NLRB Decides That Social Media Rule at G4S is “Too Restrictive”

In the era of social media, the boundaries between public and private information seem less clear.  Corporate giants like Google save and track the most personal information in the name of profitability.  Meanwhile, individual users share more and more information with the general public—including everything from the inane to the profane.

With so much information within easy access of anyone with an internet connection, what interests does the employee have in their privacy and speech; what interest does the employer have in preserving the integrity of their business? Where the interests of the employee and employer collide, who prevails?

In a recent NLRB decision, an administrative law judge addressed the social media policy of G4S Secure Solutions Inc.  The policy proscribed employees from commenting on work-related matters without approval and from posting images or videos of employees at work or in uniform.   The judge found the rule regarding commenting on work-related matters to be overly restrictive, while finding the provision regarding images and videos to be lawful.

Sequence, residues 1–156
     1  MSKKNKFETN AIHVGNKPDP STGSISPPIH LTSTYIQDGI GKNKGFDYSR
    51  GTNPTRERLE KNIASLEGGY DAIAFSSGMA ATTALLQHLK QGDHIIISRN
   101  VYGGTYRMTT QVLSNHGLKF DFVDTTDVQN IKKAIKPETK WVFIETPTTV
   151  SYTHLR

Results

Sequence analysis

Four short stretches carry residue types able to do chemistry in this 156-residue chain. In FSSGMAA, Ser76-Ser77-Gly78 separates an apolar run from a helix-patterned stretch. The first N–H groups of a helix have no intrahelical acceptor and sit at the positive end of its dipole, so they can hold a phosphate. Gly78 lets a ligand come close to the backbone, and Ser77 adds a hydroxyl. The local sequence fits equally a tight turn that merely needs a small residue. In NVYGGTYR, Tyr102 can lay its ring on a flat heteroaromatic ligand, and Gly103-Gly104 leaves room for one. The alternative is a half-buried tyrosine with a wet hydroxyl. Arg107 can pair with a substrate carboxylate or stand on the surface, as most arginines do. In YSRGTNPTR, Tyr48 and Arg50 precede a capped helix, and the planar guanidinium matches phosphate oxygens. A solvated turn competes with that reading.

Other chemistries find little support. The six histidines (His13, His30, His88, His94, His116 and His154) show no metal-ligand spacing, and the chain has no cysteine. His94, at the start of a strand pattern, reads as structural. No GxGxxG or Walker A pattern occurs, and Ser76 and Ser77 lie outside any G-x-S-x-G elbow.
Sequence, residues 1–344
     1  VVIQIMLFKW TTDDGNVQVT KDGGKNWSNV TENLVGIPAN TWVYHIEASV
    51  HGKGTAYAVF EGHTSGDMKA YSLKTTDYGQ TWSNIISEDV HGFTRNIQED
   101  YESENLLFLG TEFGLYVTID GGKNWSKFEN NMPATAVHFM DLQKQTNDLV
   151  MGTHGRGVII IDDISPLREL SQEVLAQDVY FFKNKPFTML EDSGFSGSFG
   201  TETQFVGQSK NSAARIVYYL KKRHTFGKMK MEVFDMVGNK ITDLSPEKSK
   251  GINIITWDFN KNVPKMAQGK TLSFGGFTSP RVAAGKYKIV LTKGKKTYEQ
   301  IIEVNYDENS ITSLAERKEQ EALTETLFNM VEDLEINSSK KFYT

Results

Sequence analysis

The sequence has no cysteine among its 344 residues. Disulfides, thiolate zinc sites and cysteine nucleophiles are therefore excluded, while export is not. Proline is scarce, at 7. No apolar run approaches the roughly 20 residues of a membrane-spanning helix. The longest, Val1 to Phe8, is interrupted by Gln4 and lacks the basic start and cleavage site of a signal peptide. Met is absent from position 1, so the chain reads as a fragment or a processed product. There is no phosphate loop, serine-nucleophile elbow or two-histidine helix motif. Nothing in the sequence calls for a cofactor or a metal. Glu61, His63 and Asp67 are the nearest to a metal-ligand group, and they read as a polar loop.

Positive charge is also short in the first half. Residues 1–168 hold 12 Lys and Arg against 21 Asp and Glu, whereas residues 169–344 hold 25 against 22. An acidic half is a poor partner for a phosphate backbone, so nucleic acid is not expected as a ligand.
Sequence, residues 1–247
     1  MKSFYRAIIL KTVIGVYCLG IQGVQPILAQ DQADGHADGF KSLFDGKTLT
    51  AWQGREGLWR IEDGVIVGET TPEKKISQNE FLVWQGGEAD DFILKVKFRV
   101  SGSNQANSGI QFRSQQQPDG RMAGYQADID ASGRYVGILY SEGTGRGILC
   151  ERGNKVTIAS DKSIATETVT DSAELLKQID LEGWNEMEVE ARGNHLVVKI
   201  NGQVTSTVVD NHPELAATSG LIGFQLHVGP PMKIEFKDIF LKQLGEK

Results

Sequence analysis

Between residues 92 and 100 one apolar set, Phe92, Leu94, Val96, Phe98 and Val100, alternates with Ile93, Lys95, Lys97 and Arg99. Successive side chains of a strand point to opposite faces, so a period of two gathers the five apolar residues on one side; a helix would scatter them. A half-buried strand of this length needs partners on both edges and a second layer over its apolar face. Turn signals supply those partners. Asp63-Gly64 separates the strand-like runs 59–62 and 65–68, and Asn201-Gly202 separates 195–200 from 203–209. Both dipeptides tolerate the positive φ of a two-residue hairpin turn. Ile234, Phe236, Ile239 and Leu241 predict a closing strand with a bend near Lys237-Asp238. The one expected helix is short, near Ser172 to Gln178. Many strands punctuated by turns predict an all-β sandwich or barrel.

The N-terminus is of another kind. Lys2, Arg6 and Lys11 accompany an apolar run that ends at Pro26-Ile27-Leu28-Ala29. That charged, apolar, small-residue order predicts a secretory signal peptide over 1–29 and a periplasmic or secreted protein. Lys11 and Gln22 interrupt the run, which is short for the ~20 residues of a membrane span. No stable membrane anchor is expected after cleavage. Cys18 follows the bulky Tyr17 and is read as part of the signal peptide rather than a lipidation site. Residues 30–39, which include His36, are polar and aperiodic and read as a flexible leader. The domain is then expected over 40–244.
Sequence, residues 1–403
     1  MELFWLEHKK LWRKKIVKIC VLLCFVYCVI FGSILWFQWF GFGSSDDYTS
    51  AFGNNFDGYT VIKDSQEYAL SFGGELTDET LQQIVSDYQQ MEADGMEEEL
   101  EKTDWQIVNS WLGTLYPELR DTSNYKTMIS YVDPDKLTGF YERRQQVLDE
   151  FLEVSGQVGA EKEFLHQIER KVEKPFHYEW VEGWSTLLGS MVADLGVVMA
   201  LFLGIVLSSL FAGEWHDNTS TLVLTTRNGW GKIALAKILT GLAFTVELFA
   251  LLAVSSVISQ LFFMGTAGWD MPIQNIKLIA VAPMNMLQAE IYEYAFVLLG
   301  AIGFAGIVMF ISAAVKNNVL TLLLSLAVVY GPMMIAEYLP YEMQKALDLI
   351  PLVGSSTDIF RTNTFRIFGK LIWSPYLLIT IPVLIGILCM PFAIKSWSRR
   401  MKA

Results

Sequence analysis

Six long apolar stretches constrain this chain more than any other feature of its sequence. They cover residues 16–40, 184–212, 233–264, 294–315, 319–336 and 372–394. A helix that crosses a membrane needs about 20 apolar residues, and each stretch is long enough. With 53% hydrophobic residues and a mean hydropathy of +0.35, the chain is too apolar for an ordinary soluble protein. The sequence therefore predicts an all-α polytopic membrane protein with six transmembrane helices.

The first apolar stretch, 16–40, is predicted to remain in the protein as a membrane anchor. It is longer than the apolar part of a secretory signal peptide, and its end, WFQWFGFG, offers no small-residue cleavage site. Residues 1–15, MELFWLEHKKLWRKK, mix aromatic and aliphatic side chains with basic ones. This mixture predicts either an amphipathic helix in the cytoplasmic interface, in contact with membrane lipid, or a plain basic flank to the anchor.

With regard to the provision proscribing employees from commenting on work-related matters, the judge noted that this provision was too restrictive because it prevented employees from discussing working conditions and terms of employment, including messages sent between employees about issues at work.  The judge, however, was not convinced that the image provision was too restrictive even though it could potentially prevent employees from sharing photos of working conditions in the same way that they would share textual accounts of working conditions.  Instead, the judge concluded that G4S had the right to protect their clients and prevent the dissemination of images portraying unprofessional behavior by employees.

The decision addresses a relatively broad social media policy.  Another policy more limitedly circumscribed may pass NLRB muster where G4S didn’t.  If anything, this decision leaves the social media conflict between employees and employers largely unresolved.

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